By Annisa Essack
The British Government is embarking on the most significant transport infrastructure project in the UK since the building of the motorways. High Speed 2 is the new national high-speed rail network that is also a deeply controversial plan by the Government to construct a new high-speed rail network linking London, the West Midlands, Leeds, and Manchester.
HS2's inception follows the development of HS1, the high-speed line between London and Kent connecting the UK to routes on the European continent.
The cost of HS2 - over £42 billion for the track and £8 billion for the rolling stock - means it is arguably the most expensive single project ever attempted by a British government in peacetime. It dwarfs other programs such as the current aircraft carrier program, NHS Connecting for Health IT Program and the Millennium Dome.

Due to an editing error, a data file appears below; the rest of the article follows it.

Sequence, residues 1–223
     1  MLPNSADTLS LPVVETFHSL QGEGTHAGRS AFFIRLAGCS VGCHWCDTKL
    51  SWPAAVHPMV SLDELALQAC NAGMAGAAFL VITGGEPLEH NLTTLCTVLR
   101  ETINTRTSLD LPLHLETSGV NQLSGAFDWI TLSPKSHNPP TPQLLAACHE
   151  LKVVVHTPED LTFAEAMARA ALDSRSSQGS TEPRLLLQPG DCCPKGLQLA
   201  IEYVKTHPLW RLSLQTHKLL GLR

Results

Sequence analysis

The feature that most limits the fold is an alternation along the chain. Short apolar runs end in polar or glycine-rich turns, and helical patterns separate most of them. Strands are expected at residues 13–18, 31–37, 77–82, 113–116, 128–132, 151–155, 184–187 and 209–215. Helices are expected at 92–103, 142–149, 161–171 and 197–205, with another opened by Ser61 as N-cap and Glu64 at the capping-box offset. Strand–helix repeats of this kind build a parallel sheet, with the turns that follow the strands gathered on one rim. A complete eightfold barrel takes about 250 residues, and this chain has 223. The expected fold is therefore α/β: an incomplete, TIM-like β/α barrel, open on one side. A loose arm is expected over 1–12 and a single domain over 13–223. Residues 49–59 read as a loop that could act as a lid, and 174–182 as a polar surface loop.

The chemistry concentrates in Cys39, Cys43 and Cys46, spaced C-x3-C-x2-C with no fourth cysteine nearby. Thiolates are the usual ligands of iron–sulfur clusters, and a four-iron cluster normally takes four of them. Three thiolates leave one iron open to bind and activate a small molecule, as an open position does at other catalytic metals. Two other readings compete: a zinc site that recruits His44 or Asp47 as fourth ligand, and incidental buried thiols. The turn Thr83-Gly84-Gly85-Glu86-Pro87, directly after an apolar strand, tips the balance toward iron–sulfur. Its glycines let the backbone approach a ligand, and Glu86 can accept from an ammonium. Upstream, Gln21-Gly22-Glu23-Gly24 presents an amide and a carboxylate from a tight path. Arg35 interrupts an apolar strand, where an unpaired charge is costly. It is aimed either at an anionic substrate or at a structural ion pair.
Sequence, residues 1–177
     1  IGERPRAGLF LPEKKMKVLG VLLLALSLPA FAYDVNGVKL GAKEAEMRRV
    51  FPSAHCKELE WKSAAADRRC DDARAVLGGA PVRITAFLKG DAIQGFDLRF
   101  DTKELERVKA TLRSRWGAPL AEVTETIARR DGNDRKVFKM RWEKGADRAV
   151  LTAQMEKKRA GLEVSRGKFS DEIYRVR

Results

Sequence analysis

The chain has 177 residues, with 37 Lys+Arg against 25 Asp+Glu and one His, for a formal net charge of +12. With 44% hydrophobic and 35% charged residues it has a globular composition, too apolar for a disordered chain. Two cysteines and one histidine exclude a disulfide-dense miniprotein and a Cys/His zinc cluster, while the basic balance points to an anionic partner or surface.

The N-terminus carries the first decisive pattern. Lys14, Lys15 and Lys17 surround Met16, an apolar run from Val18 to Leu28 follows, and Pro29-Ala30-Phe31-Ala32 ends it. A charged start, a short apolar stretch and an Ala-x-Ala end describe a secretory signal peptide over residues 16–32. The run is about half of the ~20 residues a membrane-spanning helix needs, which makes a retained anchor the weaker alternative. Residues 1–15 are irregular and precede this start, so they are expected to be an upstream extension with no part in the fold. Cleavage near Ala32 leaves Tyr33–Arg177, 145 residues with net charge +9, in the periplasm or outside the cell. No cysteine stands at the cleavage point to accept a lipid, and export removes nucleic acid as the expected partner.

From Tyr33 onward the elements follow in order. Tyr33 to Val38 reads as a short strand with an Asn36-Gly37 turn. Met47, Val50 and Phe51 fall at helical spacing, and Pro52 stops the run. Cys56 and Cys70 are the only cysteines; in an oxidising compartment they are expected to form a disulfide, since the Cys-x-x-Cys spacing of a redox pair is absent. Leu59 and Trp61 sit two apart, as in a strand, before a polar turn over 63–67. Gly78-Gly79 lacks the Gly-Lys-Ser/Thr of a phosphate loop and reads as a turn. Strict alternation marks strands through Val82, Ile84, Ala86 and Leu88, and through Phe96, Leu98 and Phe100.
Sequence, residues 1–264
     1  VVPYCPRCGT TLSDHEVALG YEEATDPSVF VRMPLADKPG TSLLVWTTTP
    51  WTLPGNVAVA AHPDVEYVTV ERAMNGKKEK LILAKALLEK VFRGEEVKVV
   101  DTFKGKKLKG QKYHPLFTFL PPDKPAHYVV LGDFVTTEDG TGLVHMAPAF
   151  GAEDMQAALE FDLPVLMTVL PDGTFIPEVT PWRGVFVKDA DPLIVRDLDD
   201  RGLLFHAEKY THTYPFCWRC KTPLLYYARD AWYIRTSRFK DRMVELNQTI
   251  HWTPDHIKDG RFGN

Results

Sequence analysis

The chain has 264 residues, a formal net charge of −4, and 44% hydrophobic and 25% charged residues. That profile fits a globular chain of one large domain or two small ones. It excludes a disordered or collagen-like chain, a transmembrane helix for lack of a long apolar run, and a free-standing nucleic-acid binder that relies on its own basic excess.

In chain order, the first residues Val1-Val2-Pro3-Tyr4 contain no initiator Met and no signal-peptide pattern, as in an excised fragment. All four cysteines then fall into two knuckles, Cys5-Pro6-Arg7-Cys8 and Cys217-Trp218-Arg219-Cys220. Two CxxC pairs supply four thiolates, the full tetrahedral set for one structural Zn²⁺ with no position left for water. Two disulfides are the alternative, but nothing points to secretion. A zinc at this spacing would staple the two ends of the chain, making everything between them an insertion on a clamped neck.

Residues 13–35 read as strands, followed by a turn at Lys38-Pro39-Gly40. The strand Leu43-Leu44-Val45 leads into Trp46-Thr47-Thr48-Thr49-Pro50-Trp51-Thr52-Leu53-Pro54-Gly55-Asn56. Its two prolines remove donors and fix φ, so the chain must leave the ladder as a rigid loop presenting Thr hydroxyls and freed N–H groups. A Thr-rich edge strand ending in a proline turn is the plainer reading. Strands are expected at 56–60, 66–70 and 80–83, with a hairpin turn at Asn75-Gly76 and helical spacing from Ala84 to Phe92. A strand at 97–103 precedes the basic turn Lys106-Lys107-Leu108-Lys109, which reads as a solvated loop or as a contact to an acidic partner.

The project has been beset by delays and rising costs with the latest estimates putting the price tag at more than £100bn.
The returns compared to the unprecedented expenditure are meagre – increased economic activity in the capital at the expense of the rest of the country, few job opportunities, and irreversible environmental damage. A broad coalition from across the political divide has emerged to oppose the proposals since they were announced in 2010.
According to the project's most recent official forecast, it could be 2040 before passenger services are operating on the full network.